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Dodgers likely to mix and match with leadoff role

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Joe Camporeale-USA TODAY Sports

MESA -- The Dodgers have used three different leadoff hitters in six Cactus League games so far, and it seems like that could be more of the norm in the regular season as well, manager Dave Roberts discussed on Tuesday.

It is still early in the Cactus League schedule, and Roberts noted that much of the lineups had a lot to do with getting players in and out of games, or getting some regulars a certain number of plate appearances. Carl Crawford has started three games at leadoff, including Tuesday against the Cubs, but he figures to start the season in reserve and not get many starts.

As the spring schedule gets into late March, Roberts said, his lineups will start to closer resemble his regular season versions.

That's versions. Plural. Especially at the leadoff position.

"I just don't foresee a designated leadoff guy," Roberts said. "Every day is different, every pitcher is different. What makes sense that day or night will do."

Creativity is often born out of necessity, and since the Dodgers don't have a true, prototypical leadoff hitter. But they do have components that might fit in certain matchups.

Some nights it could be Howie Kendrick, who has hit just about everywhere in the lineup in his decade in the majors, and owner of a .333 career on-base percentage, .338 against left-handed pitching. The top spot in the batting order across the National League in 2015 had a .330 on-base percentage.

Kendrick his hit leadoff in his two starts so far this spring.

Or it could be Kike Hernandez and his .426 career OBP against lefties (albeit in just 126 major league plate appearances).

Or maybe Corey Seager against right-handed pitchers, or Yasiel Puig against left-handers, that is if they aren't hitting in the middle of the order.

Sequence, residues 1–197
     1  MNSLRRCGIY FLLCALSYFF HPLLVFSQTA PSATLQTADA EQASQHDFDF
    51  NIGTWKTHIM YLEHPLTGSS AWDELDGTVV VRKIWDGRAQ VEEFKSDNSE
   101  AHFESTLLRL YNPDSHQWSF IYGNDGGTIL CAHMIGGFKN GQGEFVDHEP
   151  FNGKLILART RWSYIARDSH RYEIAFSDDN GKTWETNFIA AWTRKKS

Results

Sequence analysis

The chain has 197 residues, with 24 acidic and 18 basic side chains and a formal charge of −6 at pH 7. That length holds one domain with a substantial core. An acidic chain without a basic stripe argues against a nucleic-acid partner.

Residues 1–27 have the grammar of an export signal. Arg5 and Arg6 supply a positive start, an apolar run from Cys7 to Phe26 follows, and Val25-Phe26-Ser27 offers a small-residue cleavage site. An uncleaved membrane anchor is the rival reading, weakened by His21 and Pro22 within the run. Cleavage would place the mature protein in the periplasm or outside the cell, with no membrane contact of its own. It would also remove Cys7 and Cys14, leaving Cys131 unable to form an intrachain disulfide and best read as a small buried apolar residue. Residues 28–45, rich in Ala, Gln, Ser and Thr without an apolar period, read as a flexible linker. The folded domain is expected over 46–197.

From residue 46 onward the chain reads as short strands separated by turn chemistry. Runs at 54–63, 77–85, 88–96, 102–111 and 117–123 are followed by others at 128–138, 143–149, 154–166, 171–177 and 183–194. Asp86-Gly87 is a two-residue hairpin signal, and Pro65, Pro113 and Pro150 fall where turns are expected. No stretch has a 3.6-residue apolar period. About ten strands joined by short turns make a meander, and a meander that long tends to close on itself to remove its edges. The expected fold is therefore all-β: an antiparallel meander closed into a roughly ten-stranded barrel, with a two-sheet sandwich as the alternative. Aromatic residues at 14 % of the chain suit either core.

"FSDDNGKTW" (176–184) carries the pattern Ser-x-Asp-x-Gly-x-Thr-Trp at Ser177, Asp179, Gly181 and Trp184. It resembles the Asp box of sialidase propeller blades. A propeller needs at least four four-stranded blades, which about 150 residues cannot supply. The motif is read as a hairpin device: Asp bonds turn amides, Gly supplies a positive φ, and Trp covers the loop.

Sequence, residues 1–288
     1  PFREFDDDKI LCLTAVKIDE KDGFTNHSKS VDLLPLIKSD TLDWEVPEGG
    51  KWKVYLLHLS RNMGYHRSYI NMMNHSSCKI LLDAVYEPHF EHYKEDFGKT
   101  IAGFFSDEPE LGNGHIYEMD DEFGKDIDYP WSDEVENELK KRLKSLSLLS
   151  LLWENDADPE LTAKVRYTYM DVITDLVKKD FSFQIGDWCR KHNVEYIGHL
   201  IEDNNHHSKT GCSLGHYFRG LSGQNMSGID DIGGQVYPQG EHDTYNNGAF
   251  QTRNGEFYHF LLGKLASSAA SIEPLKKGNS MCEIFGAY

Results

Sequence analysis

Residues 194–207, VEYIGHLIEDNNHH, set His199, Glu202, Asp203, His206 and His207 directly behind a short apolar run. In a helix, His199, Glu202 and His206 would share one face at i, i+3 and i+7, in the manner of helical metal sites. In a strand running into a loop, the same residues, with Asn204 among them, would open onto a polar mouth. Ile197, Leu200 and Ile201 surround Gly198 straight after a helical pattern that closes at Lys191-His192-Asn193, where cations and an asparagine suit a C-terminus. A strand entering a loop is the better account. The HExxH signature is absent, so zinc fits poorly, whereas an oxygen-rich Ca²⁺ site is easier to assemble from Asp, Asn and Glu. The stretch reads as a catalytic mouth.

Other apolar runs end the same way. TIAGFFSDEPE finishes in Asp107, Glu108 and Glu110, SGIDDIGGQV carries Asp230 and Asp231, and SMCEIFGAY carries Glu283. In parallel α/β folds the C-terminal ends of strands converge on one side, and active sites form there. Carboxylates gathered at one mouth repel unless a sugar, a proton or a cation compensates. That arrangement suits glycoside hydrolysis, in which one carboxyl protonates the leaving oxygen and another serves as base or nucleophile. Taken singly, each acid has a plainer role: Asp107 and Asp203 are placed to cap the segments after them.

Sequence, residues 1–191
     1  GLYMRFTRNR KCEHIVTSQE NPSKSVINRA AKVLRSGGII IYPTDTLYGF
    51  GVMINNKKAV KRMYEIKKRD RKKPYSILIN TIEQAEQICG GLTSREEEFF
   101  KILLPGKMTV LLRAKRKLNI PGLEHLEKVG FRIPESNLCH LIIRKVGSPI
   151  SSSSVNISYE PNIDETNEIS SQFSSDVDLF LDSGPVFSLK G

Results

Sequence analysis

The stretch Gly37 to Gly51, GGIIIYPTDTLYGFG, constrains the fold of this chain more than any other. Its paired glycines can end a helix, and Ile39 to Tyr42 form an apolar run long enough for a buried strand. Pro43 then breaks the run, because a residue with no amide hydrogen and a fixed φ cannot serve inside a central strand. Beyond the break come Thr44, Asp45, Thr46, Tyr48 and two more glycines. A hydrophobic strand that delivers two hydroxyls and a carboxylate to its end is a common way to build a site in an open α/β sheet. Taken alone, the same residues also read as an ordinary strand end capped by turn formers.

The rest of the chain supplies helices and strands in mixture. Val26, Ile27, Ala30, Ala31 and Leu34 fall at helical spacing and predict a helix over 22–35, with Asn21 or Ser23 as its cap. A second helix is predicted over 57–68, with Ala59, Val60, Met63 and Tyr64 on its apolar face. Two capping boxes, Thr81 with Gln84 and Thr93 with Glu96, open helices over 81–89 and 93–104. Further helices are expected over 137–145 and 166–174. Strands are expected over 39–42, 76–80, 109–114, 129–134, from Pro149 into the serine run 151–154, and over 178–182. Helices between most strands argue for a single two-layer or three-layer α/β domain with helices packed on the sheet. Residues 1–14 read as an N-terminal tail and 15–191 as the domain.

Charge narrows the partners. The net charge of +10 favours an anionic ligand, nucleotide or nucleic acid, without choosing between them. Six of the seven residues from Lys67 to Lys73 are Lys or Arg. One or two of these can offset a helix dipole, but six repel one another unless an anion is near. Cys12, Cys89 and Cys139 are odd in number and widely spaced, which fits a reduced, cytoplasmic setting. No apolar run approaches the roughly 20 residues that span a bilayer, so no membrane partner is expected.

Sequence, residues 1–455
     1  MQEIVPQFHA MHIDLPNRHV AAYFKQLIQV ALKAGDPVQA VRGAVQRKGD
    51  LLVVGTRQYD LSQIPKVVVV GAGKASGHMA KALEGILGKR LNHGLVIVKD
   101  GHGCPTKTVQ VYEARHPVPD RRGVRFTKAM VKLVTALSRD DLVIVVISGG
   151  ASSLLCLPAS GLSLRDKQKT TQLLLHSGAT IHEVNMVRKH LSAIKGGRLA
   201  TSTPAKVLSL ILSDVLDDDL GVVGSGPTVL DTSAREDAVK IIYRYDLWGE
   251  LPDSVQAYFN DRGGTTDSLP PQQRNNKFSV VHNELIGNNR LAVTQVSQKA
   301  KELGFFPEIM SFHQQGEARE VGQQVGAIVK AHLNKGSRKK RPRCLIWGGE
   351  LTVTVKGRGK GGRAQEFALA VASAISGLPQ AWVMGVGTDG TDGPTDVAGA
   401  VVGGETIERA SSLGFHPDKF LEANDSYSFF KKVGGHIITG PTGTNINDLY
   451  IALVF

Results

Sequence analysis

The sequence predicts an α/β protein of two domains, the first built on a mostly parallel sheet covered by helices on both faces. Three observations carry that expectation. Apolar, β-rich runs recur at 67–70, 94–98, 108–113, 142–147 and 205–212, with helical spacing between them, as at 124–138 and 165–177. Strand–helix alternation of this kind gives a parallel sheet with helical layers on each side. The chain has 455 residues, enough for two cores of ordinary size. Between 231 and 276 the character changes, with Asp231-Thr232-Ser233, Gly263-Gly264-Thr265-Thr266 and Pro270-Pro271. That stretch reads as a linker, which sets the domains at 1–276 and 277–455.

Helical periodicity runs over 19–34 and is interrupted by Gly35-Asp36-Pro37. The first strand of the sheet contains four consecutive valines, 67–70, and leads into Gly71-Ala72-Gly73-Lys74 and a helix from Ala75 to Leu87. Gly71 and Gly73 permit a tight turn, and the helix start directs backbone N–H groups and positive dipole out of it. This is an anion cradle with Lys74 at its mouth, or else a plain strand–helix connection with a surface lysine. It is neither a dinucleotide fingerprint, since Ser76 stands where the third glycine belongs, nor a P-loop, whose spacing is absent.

Joc Pederson started 69 times at leadoff and hit 16 of his 26 home runs on the season batting leadoff. He had a .346 on-base percentage on the season even with his second-half nosedive, though it was just .325 while batting leadoff.

"If we have a guy who can do damage hitting at the top of the order, then he has all the freedom to swing the bat and not try to draw a walk," Roberts said.

Andre Ethier has never batted leadoff, but he owns a .383 career on-base percentage against right-handed pitching, so perhaps he would be considered, though again that .507 career slugging versus righties likely means he'll hit lower.

But the point is there will be several candidates to hit leadoff, especially if dictated by the matchups, rather than one set person. Other positions will be flexible, too. Welcome to modern baseball.

"As a former leadoff hitter, we've all been conditioned to routines and consistency. But as this game has evolved, we've all had to see this game in a different way. I've had many conversations with players that there's going to be some change," Roberts explained. "Where you hit in the order in years past and decades past, there's a lot to be said for that. But this day in age with the data that we have, sometimes change is good."

Hearing Roberts espouse lineup flexibility and having an open mind to new ideas is of course welcome, but a little unexpected in this regard since he was so closely defined as a leadoff hitter.

Roberts made 657 career starts in his 10 big league seasons, and 638 of those came batting first, or 97.3 percent of the time.

"Regardless of where an individual hits in the lineup, it shouldn't change how they are as a hitter," Roberts said.